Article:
AS SOON AS I saw what this was, or what it could be, I knew I faced trouble. Susan Orlean seizes the bone at the end of her first paragraph: “Rin Tin Tin has always been more than a dog. He was also an idea and an ideal—a hero who was also a friend, a fighter who was also a caretaker, a mute genius, a companionable loner. He was one dog and many dogs, a real animal and an invented character, a pet as well as an international celebrity. He was born in 1918 and he never died.”
“By the hound of the Baskervilles!” I cried. “What an idea for a book!”
Across the room, my boxer, Basil, sniffed ironically—he has as many sniffs as the Inuit have words for snow—as if to say, “Well, it’s a pity you couldn’t have had the idea … boss.” The “boss” seemed a bit of an afterthought.
I know, you share my feelings. You have let your dog down, no matter if his or her loyal, moist eyes never waver. You have proposed living by a level of fussy intelligence (with debt ceilings, sub-texts, and Facebook) that he or she ignores. Yet you have failed to live up to his or her oneness with the world, not to mention sleeping and farting. A dog is nature, and we are feeble wrecks from sci-fi breaking up in our pixels. We do not trust smell; we are embarrassed by it. Here is a chance for redemption. You cannot read the book to your dogs, for dogs do not do plot or trust uplift. But you can read it with your dog at your feet, or all around you, like an aroma. You and Susan Orlean will know it is a great idea. But your dog is mercifully free from ideas.
The story began during World War I, when sixteen million animals were in military service. Lee Duncan was a soldier. Born in 1893 in California, he had spent time in a children’s home, placed there by parents who had a hard time managing. So he went to France with Pershing, and in the village of Fliury he came upon a kennel building shattered by artillery fire. There were dead dogs, but there was a mother with five puppies. One of them he would name Rin Tin Tin. Somehow he smuggled the dog back to America. So the future star was French, yet a German shepherd and a naturalized American. Two of his children would be cared for by Jean Harlow and Greta Garbo. He was the most famous dog in the world, a king of silent pictures.
He was only a dog, but Garbo was only a woman. Yet that pales in the rapturous illumination of Orlean’s vision:
Rinty was three years old. He had lost his puppy fluffiness; his coat was lustrous and dark, nearly black, with gold marbling on his legs and chin and chest. His tail was as bushy as a squirrel’s. He wasn’t overly tall or overly broad, his chest wasn’t especially deep, his legs weren’t unusually muscular or long, but he was powerful and nimble, as light on his feet as a mountain goat. His ears were comically large, tulip-shaped, and set far apart on a wide skull. His face was more arresting than beautiful, his expression worried and pitying and generous: instead of a look of doggy excitement it was something more tender, a little sorrowful, as if he were viewing with charity and resignation the whole enterprise of living and striving and hoping.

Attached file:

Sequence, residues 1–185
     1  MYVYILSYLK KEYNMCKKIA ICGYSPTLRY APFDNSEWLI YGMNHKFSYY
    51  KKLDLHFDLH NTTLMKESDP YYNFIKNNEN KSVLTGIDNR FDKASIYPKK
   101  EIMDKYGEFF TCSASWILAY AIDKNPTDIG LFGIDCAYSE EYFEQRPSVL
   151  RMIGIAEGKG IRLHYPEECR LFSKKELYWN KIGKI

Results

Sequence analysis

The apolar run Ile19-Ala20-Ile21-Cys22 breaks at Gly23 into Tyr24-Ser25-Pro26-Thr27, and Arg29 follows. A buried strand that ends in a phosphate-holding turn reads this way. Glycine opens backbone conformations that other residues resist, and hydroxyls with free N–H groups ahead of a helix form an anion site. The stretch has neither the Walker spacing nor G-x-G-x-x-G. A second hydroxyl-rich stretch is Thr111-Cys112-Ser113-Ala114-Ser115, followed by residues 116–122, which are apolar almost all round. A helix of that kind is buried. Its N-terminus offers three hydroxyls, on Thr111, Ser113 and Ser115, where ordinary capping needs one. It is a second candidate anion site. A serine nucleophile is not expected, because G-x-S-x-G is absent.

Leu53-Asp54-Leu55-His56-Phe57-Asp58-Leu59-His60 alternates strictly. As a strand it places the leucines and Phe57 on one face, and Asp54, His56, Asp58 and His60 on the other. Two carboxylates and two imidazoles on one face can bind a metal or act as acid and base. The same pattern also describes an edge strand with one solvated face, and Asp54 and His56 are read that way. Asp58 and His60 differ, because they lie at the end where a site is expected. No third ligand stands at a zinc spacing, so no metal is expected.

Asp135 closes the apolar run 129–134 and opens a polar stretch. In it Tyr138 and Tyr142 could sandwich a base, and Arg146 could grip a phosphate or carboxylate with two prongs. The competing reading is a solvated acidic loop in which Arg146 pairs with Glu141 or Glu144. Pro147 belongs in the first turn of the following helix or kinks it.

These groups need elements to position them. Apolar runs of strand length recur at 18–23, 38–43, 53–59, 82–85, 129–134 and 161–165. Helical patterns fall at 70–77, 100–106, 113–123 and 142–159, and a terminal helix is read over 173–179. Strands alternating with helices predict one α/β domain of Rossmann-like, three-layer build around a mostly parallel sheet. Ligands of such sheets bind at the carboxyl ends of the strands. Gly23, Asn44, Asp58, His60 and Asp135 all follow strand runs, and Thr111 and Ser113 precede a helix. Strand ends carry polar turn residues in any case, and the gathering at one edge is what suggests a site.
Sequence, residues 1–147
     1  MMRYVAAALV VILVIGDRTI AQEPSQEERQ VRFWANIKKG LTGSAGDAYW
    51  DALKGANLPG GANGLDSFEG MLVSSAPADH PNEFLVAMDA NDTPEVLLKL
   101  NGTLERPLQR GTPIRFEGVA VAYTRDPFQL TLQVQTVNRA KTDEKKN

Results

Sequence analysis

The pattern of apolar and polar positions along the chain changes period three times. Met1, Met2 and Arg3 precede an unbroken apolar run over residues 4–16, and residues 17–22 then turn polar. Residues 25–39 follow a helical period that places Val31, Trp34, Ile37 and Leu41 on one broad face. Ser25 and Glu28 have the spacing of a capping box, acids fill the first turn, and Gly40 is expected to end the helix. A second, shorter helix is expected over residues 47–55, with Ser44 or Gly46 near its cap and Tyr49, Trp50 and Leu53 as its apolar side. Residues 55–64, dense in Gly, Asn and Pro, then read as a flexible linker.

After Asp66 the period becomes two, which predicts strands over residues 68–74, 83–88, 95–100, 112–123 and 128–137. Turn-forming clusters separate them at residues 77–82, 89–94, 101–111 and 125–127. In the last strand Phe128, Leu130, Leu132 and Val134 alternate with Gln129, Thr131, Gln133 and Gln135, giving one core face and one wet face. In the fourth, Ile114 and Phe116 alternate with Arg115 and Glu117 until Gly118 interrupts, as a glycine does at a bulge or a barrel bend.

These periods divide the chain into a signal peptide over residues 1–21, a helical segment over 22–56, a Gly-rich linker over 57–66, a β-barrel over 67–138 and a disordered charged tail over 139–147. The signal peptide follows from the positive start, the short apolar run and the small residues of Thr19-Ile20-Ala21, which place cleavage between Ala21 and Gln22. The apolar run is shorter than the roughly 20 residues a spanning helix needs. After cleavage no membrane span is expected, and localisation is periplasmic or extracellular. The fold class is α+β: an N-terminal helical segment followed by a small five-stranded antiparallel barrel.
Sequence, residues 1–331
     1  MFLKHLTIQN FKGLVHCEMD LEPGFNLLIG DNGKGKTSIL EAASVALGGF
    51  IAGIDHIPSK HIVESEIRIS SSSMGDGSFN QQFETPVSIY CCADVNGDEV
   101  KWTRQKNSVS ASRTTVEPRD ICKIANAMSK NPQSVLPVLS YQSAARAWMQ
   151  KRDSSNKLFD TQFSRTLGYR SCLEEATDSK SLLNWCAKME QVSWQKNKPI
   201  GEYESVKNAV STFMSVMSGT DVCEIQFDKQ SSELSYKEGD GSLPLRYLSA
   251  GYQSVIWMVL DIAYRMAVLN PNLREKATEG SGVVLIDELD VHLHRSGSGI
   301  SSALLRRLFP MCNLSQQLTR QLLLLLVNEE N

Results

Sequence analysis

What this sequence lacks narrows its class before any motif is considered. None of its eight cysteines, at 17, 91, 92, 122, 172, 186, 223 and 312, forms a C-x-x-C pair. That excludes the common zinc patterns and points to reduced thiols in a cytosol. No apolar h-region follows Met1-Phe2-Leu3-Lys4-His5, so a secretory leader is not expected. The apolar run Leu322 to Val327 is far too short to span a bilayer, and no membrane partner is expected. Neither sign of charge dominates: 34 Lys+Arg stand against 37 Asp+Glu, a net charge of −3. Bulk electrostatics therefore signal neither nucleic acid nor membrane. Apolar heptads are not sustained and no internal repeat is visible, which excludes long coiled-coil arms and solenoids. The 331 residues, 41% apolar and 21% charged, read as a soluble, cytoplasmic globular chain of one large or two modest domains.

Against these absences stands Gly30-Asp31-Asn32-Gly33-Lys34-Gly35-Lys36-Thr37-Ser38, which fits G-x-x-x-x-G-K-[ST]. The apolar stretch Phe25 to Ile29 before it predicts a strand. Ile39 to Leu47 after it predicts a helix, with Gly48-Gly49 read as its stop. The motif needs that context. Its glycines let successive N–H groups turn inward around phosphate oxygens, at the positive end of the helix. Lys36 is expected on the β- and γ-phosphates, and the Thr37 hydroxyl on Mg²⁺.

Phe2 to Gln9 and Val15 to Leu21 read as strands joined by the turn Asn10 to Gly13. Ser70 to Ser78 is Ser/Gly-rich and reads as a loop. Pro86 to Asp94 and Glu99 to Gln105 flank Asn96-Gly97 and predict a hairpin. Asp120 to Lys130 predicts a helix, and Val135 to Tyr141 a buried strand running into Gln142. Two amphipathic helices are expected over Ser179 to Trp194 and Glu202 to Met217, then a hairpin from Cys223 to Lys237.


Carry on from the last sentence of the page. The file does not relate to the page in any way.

Sit, girl! Let’s stick to the facts. Lee loved his Rinty—he had wives who never really matched his German shepherd. One day, at a fair, Rinty leaped over a wall, and someone took a photograph of it. Next thing, Lee got a check for $350 for use of the picture. He was eager and wild about the movies. And he saw the future. Thus it was that Rin Tin Tin became an action star with his own salary from Warner Brothers ($1,000 a picture) on top of Lee’s. By 1927, he was “the most popular performer in the United States” on the strength of films such as A Dog of the Regiment, Jaws of Steel, Tracked by the Police, and Hills of Kentucky. In the contest for the first Oscars that year, according to Orlean, Rinty got the most votes for best actor! But the Academy, always in search of dignity, reappraised the ballots and gave the prize to Emil Jannings for The Way of All Flesh and The Last Command. So a German beat a German shepherd.
This dog’s eye history of Hollywood in the 1920s is exuberant and told with as much energy as love. Was it always Rin Tin Tin? Well, be generous. It seems that the real dog could be a little snappy sometimes—he was a star—and so there were paw-ins for Rinty and he was encouraged to breed. (The opposite policy applied to many human stars.) Then sound pictures killed dog movies (until Lassie), and then in 1932 Rinty himself passed on. Legend set in; it was said that he had died in the arms of Jean Harlow.
There were junior Rintys, of course, but Lee went through tough times until television brought the hero back in 1954 and kept him a hit for five years. And that’s where Susan Orlean came in, a kid whose father had an eight-inch plastic figurine of the great dog. She has done a fine job with this book, and it is to be numbered among the best Hollywood biographies. But at the end, in a chapter called “The Leap,” she goes a little far, I think. She feels compelled to see her story as an example of love, heroes, bonding, and all good things. Yet the good things have been made apparent in the history. “I believe there will always be a Rin Tin Tin,” she says, “because there will always be stories.” True, if obvious; but I suspect this book will do better than revivals of RTT on TCM.
But here’s the kicker. The story of Lee and his dog begs to be filmed. How about George Clooney as the dog-trainer and … for the dog? I thought of Brad Pitt, but Basil has called an agent.
David Thomson is the author of The New Biographical Dictionary of Film and The Moment of Psycho: How Alfred Hitchcock Taught America to Love Murder.